As I mentioned above, the TTF reauthorization doubled Municipal Aid and County Aid from $78.75 million to $161.25 million per year per program. Under the Municipal Aid grant program, each county is apportioned a share of the total funding based on population and the number of local centerline miles. Municipalities compete for portions of their county’s share. NJDOT provides 75 percent of the grant amount when a town awards a contract and the remaining 25 percent upon completion of the project. Of the $161.25 million, there is $10 million allotted for municipalities qualifying for Urban Aid under state law, with the amounts determined by the Department of Community Affairs.

Applicants for Municipal Aid grants this year were submitted to NJDOT by October 2018 and have been judiciously reviewed. There are seven project categories within the Municipal Aid program eligible for funding: Roadway Preservation, Roadway Safety, Quality of Life, Mobility, Bikeway, Pedestrian Safety, and Bridge Preservation. Past performance in connection with timely award of projects and construction close-out factor were part of the evaluation of the proposals. When evaluating applications, NJDOT also considers if the municipality has adopted Complete Streets policies. Complete Streets policies establish guidelines that require consideration be given to pedestrians and bicyclists when local transportation projects are being planned, designed, and built.

NJ Transportation Infrastructure Bank beginning to bear fruits by awarding first loans to local governments

New Jersey’s first transportation loan program, the NJ Transportation Infrastructure Bank is a partnership between the New Jersey Department of Transportation and the New Jersey Infrastructure Bank. It opened for business in May 2018 to provide low interest loans for municipal and county transportation projects. The Transportation I-Bank is funded through a $22.6 million annual appropriation from the state gas tax, which is then leveraged through private funds. The creation of the Transportation I-Bank is significant because loans it awards reduce the total cost of local transportation infrastructure by lowering the cost of financing thereby enabling our local governments to address real problems on their systems. The program will provide unprecedented opportunities for the design and construction of high-cost local projects that cannot be fully funded through Local Aid grants.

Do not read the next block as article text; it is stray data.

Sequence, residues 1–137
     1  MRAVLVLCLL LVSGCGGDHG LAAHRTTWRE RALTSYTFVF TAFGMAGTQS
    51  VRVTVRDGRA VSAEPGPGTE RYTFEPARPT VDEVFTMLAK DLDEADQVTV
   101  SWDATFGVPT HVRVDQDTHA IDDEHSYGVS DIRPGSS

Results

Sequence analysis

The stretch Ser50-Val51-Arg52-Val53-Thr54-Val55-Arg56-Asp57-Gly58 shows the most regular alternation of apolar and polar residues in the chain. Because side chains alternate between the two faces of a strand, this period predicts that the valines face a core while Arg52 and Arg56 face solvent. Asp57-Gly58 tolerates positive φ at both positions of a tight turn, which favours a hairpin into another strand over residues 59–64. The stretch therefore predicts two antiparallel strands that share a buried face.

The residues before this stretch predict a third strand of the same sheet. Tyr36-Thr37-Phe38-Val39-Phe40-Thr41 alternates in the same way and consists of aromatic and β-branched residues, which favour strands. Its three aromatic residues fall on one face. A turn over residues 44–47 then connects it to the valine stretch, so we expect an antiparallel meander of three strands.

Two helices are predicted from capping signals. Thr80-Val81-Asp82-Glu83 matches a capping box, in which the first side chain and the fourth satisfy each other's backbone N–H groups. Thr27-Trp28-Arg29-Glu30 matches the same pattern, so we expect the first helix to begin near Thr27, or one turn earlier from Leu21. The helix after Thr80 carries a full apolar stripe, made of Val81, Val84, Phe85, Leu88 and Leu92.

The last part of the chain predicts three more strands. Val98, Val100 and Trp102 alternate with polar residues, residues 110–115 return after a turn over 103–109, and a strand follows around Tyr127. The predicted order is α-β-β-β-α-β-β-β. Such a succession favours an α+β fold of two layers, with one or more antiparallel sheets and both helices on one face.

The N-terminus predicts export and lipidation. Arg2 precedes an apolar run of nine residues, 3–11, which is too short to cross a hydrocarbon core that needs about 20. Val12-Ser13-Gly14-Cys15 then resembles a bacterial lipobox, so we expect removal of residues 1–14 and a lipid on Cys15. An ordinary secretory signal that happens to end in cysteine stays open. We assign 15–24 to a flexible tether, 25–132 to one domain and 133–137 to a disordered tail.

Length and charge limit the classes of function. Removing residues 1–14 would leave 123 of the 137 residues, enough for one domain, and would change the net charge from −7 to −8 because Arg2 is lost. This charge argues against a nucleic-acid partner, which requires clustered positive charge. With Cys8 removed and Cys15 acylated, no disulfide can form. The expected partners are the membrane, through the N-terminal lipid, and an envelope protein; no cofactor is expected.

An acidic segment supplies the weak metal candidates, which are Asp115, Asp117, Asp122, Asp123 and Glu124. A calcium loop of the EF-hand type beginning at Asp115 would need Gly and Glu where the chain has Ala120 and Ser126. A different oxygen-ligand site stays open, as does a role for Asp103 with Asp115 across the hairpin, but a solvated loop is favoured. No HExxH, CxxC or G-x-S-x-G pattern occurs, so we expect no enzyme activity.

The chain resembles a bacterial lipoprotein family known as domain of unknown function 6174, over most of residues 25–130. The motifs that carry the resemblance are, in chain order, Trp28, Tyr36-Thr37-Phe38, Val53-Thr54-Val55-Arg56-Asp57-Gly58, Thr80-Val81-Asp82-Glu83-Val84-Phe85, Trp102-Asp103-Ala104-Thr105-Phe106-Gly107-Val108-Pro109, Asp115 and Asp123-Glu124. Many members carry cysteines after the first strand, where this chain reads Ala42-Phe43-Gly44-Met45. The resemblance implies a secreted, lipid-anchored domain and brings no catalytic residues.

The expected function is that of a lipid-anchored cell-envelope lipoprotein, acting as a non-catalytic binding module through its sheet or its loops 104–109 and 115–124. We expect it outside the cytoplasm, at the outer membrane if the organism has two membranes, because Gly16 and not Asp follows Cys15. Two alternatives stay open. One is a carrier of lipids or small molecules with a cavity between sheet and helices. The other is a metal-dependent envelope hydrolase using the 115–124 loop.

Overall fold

I am particularly proud of the Transportation I-Bank’s achievements during its first year of operations. The first loan was issued last December to Camden County for a resurfacing project in Pennsauken, just eight months after the Transportation I-Bank’s doors opened. To date, loans totaling almost $15 million have been issued to three borrowers, including Camden County, as well as the City of Orange and Essex County for a variety of infrastructure repairs. An additional $27 million has been allocated to six other projects in Burlington County, Cape May County, Somerdale, Wildwood and Pennington. Those loans are scheduled to close soon.


Maintaining and improving our local roads, and providing funding mechanisms that hold down taxes, is an important piece of solving the transportation puzzle in New Jersey. The pieces to this puzzle all have to fit together for all the transportation agencies in the state to be able to deliver the kinds of services that the taxpayers and residents of this great state deserve. If one of the pieces is missing then the picture is obfuscated and not complete. Governor Murphy recognizes this, as do I, and his administration’s promise to make New Jersey’s transportation system one that is world class is unwavering. In the coming months, I will be reaching out to you again to provide additional information and to tell other stories about what the New Jersey Department of Transportation is doing to fulfill its “Commitment to Communities.”

Thank you for taking the time to read this and please feel free to share it with your colleagues. If you have any questions about any of the information in this newsletter please feel free to contact NJDOT’s Office of Constituent Relations at 609-963-1982.